Crossroads KC was about a third full, with most of the crowd standing comfortably in front of the sound tent.
The Southern California quartet expertly generates songs that serve as atmospheric pieces with anthemic vocals. Their sound recalls the National and Fleet Foxes, with a splash of Radiohead and Talking Heads. Electronic textures compliment the soaring, earnest vocals and make the music both easy to dance to and sing with.
The versatile musicians traded roles frequently throughout the night, performing in front of a white curtain, frequently backlit and visible only as silhouettes. The lighting was even more dramatic when the wind whipped through the curtain.
While the scope was cinematic, the songs were compact. It took the band just 80 minutes to deliver 17 songs. “Coins” opened with a funky stop-start rhythm that lifted a lot of hands into the air. Opening act Charlotte Day Wilson joined the band for a duet of “Dark Days.” She danced at her mic between verses, relishing the moment.
One of the night’s most powerful moments came on “Colombia.” Accompanied only by his guitar and Taylor Rice on piano, Kelcey Ayer sang about his mother’s death. The somber moment hovered as the rest of the band returned to the stage for the crescendo.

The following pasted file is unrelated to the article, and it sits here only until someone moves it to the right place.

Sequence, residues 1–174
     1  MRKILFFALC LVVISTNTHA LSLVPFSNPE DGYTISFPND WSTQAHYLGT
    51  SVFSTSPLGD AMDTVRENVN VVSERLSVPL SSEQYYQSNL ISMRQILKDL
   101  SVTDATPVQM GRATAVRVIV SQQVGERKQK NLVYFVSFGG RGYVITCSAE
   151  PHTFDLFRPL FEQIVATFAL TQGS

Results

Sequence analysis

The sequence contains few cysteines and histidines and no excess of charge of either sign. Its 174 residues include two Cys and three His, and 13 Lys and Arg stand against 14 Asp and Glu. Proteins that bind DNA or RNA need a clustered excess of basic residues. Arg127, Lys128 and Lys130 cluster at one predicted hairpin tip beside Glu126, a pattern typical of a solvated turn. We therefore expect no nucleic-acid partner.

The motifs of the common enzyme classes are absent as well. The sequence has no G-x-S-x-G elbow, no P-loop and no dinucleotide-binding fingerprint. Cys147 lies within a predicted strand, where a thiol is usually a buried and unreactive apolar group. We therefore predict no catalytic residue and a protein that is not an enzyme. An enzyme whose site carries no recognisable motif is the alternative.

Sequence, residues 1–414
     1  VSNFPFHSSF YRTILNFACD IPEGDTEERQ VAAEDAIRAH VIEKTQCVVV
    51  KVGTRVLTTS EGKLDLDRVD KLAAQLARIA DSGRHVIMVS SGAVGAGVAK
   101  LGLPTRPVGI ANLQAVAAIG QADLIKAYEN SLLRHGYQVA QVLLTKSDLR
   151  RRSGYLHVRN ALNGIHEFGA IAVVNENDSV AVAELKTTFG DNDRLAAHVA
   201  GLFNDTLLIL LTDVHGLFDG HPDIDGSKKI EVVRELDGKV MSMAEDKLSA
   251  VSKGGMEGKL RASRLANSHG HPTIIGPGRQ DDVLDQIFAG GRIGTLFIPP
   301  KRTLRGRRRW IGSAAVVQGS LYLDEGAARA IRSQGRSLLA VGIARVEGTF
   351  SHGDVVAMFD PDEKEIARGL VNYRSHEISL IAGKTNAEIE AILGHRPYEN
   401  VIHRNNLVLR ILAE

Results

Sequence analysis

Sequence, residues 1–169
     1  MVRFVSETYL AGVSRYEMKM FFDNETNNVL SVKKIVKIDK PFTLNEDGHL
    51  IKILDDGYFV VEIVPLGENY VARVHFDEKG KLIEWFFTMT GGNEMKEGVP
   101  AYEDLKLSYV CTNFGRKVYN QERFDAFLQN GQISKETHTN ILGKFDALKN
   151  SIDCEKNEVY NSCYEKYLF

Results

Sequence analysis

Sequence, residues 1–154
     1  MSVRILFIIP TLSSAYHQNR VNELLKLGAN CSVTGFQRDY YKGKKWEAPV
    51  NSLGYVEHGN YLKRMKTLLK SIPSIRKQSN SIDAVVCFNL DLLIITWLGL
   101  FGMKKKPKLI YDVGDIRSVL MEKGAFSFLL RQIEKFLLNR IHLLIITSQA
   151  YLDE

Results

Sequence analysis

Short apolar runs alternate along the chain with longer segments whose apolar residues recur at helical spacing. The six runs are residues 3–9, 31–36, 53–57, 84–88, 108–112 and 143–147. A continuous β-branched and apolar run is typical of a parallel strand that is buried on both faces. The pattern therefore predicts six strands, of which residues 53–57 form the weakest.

Somehow, that number segued into “Fountain of Youth,” a poppy new song that references a female president and bounces with a chorus of “We can do whatever we want.” Although the songs were polar opposites, the journey was flawless.
Local Natives’ third album, “Sunlit Youth” was released a little more than two weeks ago, but the crowd seemed familiar with the material. Several of its songs — including “Villany” — drew generous responses. The set list was pretty much split between new songs and material from “Hummingbird,” the group’s second album. A few songs from their 2009 debut were included for good measure.
One of those early songs ended the night on discordant and satisfying note. With Nik Ewing’s bass galloping over noisy guitars, “Sun Hands” recalled “Boy”-era U2. The most boisterous and least contained number of the night ended with low feedback — and rainclouds — hanging in the air as the band waved goodnight.
Setlist: Past Lives; Wide Eyes; Villany; You and I; Breakers; Mother Emmanuel; Airplanes; Ceilings; Heavy Feet; Coins; Dark Days (with Charlotte Day Wilson); Masters; Colombia; Fountain of Youth; Who Knows Who Cares. Encore:Sea of Years; Sun Hands.